Enough said.

Separate yourself from the herd, don’t be a target.

Wild Geese
www.wildgeesema.com
www.wg-fit.com
any cause but our own

Similar Differences

I was just reading a post on the Applied Strength Blog entitled “Contradictions and Situational Correctness”. In it Brett Jones discusses how bogged down people get when discussing training methods.

Now while Brett is discussing strength and conditioning, his comments ring true in the world of Martial Arts.

I constantly hear students talking about the differences between one style and another, but very rarely will I hear a discussion on the similarities. Take Karate for example, you’re either a Shotokan or WadoRyu man. Are you? They both developed from the same source, have mostly the same kata, same techniques and if you look at the kanji, before it is transliterated into English, the same names. But yet the two camps will not see eye to eye.

In the kenpo studio, Ed Parker’s syllabus is lengthy, but if you look at it, most of the techniques are merely variations on earlier ones. Except the counter strike is low instead of high, or you step with the left foot not the right or add this bit off that one to the end of this one. In other words, you explore the possibilities in a structured manner preparing you for the chaos of a real fight.

And yet I constantly hear students and some black belt “instructors” saying how each technique is unique and different to all the others.

I personally have attended lessons in Wing Chun, Wado Ryu, Shotokan, Tai Chi, Doce Pares Eskrima, Rapid Arnis, Balintawak Eskrima, Shaolin Kempo, Goshin Jitsu, Aikido and a few others. And you know what, it’s all the same stuff done differently. Body mechanics are body mechanics, it’s just one mans preference of how to apply them.
Be it the upright Wing Chun or the sweeping circles of Aikido, the hips generate power to either strike or snap an opponent.

Take heed of an old mantra “methods are many, principles are few”, look for the underlying principles and forget about whether your fist is held vertically or horizontally, it doesn’t matter if there’s no hip, no focus or your face is being smashed up while you try figure it out.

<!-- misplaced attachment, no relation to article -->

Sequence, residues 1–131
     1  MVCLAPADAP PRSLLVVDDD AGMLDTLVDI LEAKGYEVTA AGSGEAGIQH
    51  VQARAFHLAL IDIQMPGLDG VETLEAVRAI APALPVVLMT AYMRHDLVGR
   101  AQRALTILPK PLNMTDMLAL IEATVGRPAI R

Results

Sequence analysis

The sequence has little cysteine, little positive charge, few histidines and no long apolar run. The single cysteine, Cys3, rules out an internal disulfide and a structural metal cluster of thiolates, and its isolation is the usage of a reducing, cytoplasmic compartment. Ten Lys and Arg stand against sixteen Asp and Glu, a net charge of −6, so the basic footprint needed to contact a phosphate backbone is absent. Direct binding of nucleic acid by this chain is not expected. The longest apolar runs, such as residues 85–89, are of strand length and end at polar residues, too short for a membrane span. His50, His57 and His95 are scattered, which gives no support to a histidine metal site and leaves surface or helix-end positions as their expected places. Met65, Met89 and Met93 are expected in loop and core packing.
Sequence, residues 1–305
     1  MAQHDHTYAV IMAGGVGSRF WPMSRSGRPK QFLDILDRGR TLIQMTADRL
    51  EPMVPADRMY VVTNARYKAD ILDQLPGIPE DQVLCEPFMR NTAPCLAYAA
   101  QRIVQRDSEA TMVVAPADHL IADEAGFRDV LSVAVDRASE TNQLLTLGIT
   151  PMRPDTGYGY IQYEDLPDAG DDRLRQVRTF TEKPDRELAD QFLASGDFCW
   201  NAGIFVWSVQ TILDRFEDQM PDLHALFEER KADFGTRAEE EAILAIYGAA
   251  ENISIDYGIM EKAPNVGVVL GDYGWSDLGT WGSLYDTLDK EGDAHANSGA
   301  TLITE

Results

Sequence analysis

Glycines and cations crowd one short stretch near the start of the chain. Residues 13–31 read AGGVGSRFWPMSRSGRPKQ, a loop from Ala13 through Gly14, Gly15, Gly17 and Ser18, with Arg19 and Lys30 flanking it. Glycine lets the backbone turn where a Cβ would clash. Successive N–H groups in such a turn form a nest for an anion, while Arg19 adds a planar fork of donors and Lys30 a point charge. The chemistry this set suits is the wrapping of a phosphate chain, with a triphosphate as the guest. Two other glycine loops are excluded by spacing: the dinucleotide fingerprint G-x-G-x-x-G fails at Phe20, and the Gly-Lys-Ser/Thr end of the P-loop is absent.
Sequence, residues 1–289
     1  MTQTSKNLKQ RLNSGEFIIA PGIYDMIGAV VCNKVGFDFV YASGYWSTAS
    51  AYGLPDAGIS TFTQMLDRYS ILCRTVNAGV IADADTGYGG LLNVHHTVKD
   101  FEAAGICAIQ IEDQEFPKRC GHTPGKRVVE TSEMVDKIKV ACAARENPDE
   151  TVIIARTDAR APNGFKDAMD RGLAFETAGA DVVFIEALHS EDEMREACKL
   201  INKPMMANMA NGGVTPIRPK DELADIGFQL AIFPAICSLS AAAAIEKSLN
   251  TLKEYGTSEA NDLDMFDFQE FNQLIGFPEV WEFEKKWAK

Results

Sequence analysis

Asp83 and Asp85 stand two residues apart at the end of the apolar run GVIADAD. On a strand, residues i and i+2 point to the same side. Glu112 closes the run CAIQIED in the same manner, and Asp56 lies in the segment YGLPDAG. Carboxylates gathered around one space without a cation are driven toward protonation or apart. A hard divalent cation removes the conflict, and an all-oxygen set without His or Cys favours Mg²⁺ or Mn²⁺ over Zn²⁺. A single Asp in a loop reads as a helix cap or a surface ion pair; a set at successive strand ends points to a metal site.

Wild Geese Martial Arts encourage students to think for themselves, whatever they are learning from us. If they are learning eskrima, we’ll show them differing styles of doing the same thing, if it’s kenpo we’ll encourage students to explore outside of the strict syllabus. Sure if you watch Paul and I, we even do things different to each other on an aesthetic front. The end result is the same though.

Stop getting lost in the details, as Bruce Lee said (and I hate quoting Bruce):
Before I studied the art, a punch to me was just a punch, a kick was just a kick. After I’d studied the art, a punch was no longer a punch, a kick no longer a kick. Now that I understand the art, a punch is just a punch, a kick is just a kick.

Wild Geese
http://www.wildgeesema.com/
http://www.wg-fit.com/
any cause but our own

Big Picture

I get all sorts of students coming to learn Martial Arts/Self Defence, many of whom have experience in other arts, even if it was from many years ago. It’s amazing how their former training stays with them.
In some ways this is a blessing, as they will have many of the movements, if not the skills. In other ways this is a curse as it can mean I have to spend so much time breaking their old habits before creating new ones.

One of the biggest obstacles is the fascination with the small details, and the lack of a big picture view.
What do I mean by this? Well, say for instance I show a drill that is based around footwork and body movement (Taisabaki), I’m invariably asked about what the hands are doing, the answer nothing, it’s about the body movement.